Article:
I was in desperate need to having my fence fix. Tropical Welding and Fabrication was recommended by a neighbor who was very please with work the company had previously done for him. I am very please with the job and very impress with Mr. Swire's knowledge and professionalism. He is neat and explained every step to achieving the look that I wanted. He was very fair when compared to other bids. He is very helful and accommodating.Showed up on time and did a nice job on my wrought-iron fence. Job was completed on time and is very well done. I highly recommend Tropical Welding and Fabrication.

  • 12 years in business
Phil H.
Verified review

Excellent worker - shows up on time and does a meticulous job. He did our front deck and installed all new railing on both the front and rear decks. Cut and shaped wooden top rails on our old inside wrought iron railings. People admire them when they visit us Would not hesitate to use Terrys talents at any time.

Brendan works llc
5.0
from 3 reviews
  • 9 years in business
  • 4 hires on Thumbtack
Mary V.
Verified review

This appears to be a small company. The workman, Hugh, came over to view my steps and discuss what I needed in a wrought iron railing. He was ready to install the railing in only a few days. The railing design is graceful yet sturdy. I feel more at ease going down my steps now, especially at night. I strongly recommend this company.

Allmaster Builders, Inc.
5.0
from 2 reviews
  • 31 years in business
  • 1 hire on Thumbtack
Beverly O.
Verified review

In May 2013 John Locantore Arrived to my home on time for an estimate to replace a retaining wall. He went over different options for the wall. After reviewing all the estimates, John pricing was very reasonable and he was very professional and knowledgeable about the work that needed to be done. Because I had to go through my HOA the job did not start until Sept 2013. In the month of 9/2013 I allmaster Builders Inc. installed a new 6x6 poured concrete retaining wall and new iron railing on wall. My deck was not leveled and they raised the deck back to level. They removed and replaced porch posts and removed the rotten wood on porch. Doing the process Angel the foreman kept me up to date on the work being done. The job took about two weeks to complete. The crew was very professional and hard workers. Each day the crew arrived very early to my home. I am very happy with the work allmaster Builders, Inc. have completed for me. I will be using them for future projects in my home and highly recommend them to others.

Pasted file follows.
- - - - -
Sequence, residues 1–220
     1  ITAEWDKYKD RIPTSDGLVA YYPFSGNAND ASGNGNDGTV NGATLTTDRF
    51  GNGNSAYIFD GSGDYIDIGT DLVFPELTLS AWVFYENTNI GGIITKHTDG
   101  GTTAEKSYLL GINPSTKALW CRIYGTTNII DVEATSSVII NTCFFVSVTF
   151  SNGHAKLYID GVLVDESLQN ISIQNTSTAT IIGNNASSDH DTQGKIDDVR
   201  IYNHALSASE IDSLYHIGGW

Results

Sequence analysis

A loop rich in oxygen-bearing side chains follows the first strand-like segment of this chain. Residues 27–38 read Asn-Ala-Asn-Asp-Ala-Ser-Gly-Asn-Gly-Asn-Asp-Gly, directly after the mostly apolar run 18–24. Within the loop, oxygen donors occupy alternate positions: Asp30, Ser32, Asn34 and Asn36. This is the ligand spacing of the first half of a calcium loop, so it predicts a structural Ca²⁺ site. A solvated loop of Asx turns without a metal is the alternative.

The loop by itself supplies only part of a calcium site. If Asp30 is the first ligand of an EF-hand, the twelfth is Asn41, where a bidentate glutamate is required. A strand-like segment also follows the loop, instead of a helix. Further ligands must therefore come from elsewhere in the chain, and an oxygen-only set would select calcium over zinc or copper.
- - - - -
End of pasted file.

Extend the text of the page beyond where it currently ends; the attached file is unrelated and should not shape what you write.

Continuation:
Q & A

Answers to commonly asked questions from the experts on Thumbtack.

How many types of welding are there?

Welding is a method of fusing together two or more pieces of metal using electricity or flame. Welding is used to construct buildings, make metal sculptures, build and repair cars, make gates and furniture, and for many other practical and aesthetic uses. There are multiple types of welding. Here is an overview of the most popular methods:

  • Stick welding: Formally known as shielded metal arc welding, stick welding uses extreme heat applied at the seam of two separate metals to melt them together. A third (intermediary) metal may also be incorporated for added strength. As the metals cool, they are bonded together.
  • Metal inert gas (MIG) welding: Formally known as gas metal arc welding, MIG welding uses a tool to feed metal wire into the weld puddle while an electrical arc melts the wire, which will fuse to the base metal upon cooling.